Sheffield and China in Flanders Field
As the city welcomes Chinese business leaders, Vice-chancellor of Sheffield University Sir Keith Burnett explains why the links between the people of Sheffield and China go far deeper than trade and finances.
As I bought my poppy in Sheffield last weekend I was wondering what I would say to welcome to the delegation of Chinese businessmen and investors that were visiting us this week for the Horasis conference. What would they find interesting?
The Chinese have a remarkably deep interest, and also affection, for all things British. It isn't just Downton Abbey and Sherlock that intrigue them. So I wondered, should I explain why we were wearing poppies? Would they find it strange?
But then I thought they might know, or would like to know, that the Sheffield Pals Battalion fought in France with their Chinese Forefathers. Because the connection between Sheffield and the people of China goes far deeper than trade.
This may come as a surprise but did you know that fifty thousand Chinese went to the trenches in that “War to end Wars”. The story is beginning to be told in China. The South China Morning Post recently told how Chinese workers dug trenches. They repaired tanks in Normandy. They assembled shells for artillery. They transported munitions in Dannes. They unloaded supplies and war material in the port of Dunkirk. In the Flanders Fields Museum in Ypres, alongside stories of our own Sheffield soldiers you will find the badges of the Chinese Labour Corps. Chinese workers ventured farther afield, too. Graves in Basra, in southern Iraq, contain remains of hundreds of Chinese workers who died carrying water for British troops in an offensive against the Ottoman Empire. Families in China have as their only tributes to lost grandfathers British Medals of Merit stamped with the image of King George.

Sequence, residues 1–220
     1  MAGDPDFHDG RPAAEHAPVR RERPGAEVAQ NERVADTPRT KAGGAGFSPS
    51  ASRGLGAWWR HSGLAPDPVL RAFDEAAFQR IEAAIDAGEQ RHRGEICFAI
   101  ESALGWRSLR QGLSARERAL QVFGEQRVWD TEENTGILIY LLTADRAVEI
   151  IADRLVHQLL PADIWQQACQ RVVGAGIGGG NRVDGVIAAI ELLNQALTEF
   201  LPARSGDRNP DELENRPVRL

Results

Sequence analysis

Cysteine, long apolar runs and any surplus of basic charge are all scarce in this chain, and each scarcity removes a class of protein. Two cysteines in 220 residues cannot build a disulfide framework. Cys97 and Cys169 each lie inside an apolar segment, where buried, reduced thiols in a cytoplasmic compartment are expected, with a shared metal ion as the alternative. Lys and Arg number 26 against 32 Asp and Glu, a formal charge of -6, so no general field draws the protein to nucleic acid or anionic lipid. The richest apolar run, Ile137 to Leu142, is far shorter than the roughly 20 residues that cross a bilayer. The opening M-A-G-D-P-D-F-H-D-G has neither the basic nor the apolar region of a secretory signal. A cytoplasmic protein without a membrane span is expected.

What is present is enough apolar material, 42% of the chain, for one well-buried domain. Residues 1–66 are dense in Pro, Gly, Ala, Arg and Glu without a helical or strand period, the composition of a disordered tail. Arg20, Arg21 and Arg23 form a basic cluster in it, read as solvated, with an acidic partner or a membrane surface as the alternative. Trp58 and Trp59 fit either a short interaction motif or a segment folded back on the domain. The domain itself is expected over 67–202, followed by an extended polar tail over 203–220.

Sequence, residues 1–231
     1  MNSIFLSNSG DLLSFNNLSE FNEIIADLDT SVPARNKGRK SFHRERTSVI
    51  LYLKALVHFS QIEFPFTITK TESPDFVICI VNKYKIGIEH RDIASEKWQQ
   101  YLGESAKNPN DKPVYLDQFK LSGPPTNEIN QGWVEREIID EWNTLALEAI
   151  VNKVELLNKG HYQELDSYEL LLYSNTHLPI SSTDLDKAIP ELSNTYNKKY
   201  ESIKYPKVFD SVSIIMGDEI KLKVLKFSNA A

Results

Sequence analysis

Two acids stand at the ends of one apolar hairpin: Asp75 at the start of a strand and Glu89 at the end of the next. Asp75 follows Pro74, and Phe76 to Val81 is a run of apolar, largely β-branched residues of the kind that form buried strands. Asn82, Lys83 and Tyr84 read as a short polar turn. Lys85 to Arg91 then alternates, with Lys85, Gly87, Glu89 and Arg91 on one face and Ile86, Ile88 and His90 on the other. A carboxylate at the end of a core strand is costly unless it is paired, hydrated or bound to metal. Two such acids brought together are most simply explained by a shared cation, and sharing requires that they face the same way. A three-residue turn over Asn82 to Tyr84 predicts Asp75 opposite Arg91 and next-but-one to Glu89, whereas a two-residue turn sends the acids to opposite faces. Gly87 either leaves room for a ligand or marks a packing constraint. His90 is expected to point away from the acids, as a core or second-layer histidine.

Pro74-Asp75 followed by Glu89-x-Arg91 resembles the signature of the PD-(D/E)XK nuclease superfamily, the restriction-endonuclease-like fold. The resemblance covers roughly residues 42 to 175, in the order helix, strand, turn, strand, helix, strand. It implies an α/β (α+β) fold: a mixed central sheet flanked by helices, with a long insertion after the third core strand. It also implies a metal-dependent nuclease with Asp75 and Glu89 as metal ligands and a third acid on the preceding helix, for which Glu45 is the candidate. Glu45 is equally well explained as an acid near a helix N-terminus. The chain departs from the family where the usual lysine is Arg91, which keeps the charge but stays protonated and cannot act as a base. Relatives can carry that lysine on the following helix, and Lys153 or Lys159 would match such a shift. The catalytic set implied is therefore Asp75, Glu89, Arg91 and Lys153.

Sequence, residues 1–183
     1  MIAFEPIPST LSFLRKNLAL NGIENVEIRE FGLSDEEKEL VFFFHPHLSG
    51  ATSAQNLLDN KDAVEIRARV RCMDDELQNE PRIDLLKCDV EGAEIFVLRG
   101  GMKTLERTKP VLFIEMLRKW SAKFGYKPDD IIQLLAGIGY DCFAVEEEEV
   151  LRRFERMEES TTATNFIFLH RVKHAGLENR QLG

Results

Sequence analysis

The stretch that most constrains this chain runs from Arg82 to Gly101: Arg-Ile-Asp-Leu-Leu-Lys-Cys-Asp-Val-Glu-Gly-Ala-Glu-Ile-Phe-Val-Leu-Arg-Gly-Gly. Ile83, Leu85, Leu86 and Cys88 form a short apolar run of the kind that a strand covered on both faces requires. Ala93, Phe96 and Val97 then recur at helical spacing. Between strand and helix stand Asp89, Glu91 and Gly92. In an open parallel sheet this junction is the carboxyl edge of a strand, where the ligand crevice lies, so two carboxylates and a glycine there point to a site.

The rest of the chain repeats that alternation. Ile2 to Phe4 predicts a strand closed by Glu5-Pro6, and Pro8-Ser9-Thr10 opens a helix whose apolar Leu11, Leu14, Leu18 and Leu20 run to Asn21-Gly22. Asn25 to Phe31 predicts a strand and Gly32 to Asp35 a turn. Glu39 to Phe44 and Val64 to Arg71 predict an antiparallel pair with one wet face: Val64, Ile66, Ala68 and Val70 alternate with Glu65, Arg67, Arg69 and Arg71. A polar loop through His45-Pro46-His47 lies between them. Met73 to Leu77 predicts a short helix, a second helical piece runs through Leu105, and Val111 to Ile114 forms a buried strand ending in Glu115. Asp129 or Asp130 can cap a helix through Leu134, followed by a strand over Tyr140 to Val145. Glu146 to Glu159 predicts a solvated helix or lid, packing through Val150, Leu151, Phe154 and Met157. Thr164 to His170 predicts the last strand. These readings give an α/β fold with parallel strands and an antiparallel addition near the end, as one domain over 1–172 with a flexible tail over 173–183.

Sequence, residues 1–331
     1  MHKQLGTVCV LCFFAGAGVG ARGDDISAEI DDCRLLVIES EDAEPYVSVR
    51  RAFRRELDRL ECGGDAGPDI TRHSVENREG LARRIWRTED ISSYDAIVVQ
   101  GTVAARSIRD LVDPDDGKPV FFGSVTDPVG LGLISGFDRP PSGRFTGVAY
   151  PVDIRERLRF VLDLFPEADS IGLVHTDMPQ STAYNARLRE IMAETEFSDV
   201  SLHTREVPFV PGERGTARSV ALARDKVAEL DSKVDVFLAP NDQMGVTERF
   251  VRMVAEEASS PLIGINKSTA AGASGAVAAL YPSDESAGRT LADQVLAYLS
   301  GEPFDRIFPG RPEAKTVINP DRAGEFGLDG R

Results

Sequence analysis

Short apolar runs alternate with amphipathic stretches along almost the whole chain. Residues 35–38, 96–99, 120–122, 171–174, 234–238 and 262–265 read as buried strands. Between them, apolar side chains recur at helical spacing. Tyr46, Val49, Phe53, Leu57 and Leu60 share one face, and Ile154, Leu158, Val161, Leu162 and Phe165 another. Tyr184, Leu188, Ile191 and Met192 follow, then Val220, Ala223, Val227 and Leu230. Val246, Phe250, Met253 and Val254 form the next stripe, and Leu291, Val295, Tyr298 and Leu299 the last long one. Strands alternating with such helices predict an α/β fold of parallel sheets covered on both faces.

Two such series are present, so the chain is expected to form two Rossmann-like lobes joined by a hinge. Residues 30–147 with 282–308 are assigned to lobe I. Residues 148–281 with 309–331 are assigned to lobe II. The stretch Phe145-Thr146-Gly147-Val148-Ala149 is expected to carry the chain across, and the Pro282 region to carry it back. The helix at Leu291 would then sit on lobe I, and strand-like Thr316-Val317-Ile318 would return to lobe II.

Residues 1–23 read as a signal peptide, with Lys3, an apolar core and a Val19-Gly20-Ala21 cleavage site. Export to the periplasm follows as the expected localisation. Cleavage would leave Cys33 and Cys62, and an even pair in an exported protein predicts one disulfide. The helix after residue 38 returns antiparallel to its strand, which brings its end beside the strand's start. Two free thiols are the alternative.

So as business people from China pass the city war memorial on the way up the steps to the City Hall, that monument is more relevant to their own country than many locals imagine. And when on Friday I lay a wreath with the President of our Students' Union at the university memorial to the hundreds of students of our University who volunteered to be part of the Sheffield battalion and who 100 years ago lost their lives in a terrible battle, I will do so knowing that it was not just the young men of South Yorkshire who made the ultimate sacrifice.
The Great Wars continue to shape the way nations see themselves and their futures. Many say that the settlement after WWI laid the economic conditions which were a fertile soil for the rise of fascism in the defeated Germany.
But the implications of that peace agreement had ramifications far beyond Europe. In the aftermath of the First World War, disappointment at the shabby treatment of China in the Versailles negotiations led in 1919 to the May 4th movement of the Chinese students in Beijing. This was part of a long winding path to the foundation of the People's Republic of China.
Now, thank God, we meet under very different circumstances, still seeking the best for our peoples but with those far better tools of education and trade. Today one in ten of Sheffield University's students is from China and the hard work - and it was hard - of their parents and grandparents invested in our university has allowed us to build facilities which train our own engineers, scientists and doctors as well as theirs. We owe these families a huge thank you.